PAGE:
434619 A New Robust Scenario Approach to Supply Chain Optimization Under Uncertainty

Monday, November 9, 2015: 3:15 PM
Salon G (Salt Lake Marriott Downtown at City Creek)
Niaz Chowdhury and Xiang Li, Chemical Engineering, Queen's University, Kingston, ON, Canada

A new robust scenario approach to supply chain optimization under uncertainty

Niaz Chowdhury, Xiang Li*

Department of Chemical Engineering, Queen's University,

19 Division Street, Kingston, ON, K7L 3N6, Canada

The following two-stage stochastic programming models [1] are often used for supply chain optimization under uncertainty:


,                                                                       (1b)

where the first-stage variables are represented by , the second stage cost for uncertainty realization  is represented by,


where , , , ,  are known constants. This two-stage model is often approximated by the following scenario formulation for tractable solution  [1]:



     ,        (2c)

where  are sampled uncertainty realizations, called scenarios, and  are the probabilities associated with the scenarios. The major shortcoming of the scenario formulation is that, a large number of scenarios are usually needed, to ensure that the solution is feasible for the original two-stage formulation and that the predicted expected cost is close to the true expected cost. To overcome the shortcoming of the scenario formulation, a robust scenario formulation has been proposed [2-3] based on partitioning the uncertainty region  rather than sampling a finite number of uncertainty realizations from it. The resulting formulation is




where scenario  is associated with uncertainty subregion  rather than a uncertainty realization and  is required to ensure that the solution to Formulation (3) is feasible for the original problem. The second stage decision for scenario  is assumed to be an affine function of the uncertainty realization in , i.e., . As a result, the coefficients of the affine function ( ) rather than  serve as the second-stage variables in the optimization problem.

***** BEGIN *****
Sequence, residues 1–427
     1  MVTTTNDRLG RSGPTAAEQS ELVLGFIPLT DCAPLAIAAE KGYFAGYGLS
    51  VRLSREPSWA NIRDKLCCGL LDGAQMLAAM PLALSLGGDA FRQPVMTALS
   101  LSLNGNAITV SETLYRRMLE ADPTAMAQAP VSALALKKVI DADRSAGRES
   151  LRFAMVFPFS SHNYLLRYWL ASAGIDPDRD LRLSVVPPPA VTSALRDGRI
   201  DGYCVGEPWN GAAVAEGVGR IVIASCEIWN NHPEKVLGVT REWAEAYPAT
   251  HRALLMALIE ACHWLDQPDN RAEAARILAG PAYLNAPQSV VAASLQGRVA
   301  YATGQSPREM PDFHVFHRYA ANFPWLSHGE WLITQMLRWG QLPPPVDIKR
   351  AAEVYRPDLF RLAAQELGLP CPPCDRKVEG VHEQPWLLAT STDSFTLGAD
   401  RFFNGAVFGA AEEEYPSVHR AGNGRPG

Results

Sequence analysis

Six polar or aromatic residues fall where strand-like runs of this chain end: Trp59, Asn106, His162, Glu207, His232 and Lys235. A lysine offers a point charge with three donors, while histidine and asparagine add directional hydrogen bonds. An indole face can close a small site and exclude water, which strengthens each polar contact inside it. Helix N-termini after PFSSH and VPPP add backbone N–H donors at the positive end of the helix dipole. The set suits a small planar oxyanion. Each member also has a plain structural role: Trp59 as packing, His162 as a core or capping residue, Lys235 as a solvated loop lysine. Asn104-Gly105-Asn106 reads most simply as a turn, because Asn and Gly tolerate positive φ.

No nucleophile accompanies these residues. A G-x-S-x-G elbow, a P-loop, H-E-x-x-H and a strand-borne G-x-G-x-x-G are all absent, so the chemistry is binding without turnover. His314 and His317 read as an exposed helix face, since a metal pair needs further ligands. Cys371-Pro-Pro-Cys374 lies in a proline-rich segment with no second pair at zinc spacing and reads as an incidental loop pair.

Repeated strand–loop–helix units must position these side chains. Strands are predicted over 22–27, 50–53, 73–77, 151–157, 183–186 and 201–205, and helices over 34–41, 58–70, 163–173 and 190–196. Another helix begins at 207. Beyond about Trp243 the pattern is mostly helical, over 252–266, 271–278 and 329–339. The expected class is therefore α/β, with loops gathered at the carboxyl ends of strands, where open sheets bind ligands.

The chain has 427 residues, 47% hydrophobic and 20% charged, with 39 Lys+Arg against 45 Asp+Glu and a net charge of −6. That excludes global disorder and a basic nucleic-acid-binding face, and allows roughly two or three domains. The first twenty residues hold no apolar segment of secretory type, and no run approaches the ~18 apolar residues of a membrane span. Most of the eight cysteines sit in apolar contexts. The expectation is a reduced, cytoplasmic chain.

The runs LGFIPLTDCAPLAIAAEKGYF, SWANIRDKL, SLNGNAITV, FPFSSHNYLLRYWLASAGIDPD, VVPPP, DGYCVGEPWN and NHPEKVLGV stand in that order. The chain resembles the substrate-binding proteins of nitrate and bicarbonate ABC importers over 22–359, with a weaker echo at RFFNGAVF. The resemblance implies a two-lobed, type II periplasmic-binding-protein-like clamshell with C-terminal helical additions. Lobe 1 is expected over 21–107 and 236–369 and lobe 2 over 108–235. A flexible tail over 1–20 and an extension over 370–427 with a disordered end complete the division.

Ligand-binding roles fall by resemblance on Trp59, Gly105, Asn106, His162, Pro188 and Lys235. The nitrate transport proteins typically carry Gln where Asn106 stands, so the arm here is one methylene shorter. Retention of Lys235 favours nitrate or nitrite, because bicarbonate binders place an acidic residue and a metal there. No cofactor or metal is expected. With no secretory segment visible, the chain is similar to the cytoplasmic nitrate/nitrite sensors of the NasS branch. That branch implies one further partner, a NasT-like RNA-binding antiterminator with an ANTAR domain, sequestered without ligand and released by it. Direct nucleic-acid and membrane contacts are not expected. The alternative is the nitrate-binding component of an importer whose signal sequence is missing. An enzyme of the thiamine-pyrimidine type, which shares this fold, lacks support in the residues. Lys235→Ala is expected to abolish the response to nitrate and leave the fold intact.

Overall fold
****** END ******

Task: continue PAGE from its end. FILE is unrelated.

The construction of uncertainty subregions and the reformulation of Formulation (3) into a tractable deterministic optimization problem are the two key steps for applying the robust scenario method. In previous work [2-3], the uncertainty region bounded by the infinity-norm (i.e., box uncertainty) is considered, for which the construction of uncertainty subregions is straightforward (see Figure 1(a)). In addition, in this case the uncertainty subregions are also bounded by the infinity-norm, so Formulation (3) can be equivalently transformed into a deterministic linear programming problem. However, when the original uncertainty region has an arbitrary shape, it is not clear how to effectively partition the region to yield a set of uncertainty subregions such that Formulation (3) can be transformed into a tractable deterministic optimization problem (see Figure 1(b)).

Figure 1. Partition of uncertainty regions.

In this paper, we propose a novel robust scenario approach that constructs a sequence of box uncertainty subregions that over-estimate the original uncertainty region, and a sequence of box uncertainty subregions that under-estimate the original uncertainty region (as illustrated in Figure 2). The robust scenario formulations with the over- and under-estimation of uncertainty region can both be transformed into deterministic linear programming problems; when the number of scenarios (i.e., uncertainty subregions) increase, the over- and under-estimates of the uncertainty region become close and the optimal values of the two robust scenario formulations converge, leading to a good solution for the original two-stage stochastic programming problem. Case study of a real industrial supply chain optimization problem with ellipsoidal demand uncertainty demonstrates the advantages of the proposed robust scenario approach.

Figure 2. Over- and under-estimation of uncertainty region


[1] Birge, J. R.; Louveaux, F. Introduction to stochastic programming, Second Edition; Springer: New York, 2011.

[2] McLean, K.; Li, X. "Robust scenario formulations for strategic supply chain optimization under uncertainty", Industrial & Engineering Chemistry Research, 52, 5721-5734.

[3] McLean, K.; Ogbe, E.; Li, X. "Novel formulation and efficient solution strategy for strategic optimization of an industrial chemical supply chain under demand uncertainty", Canadian Journal of Chemical Engineering, DOI 10.1002/cjce.22173, 2015.

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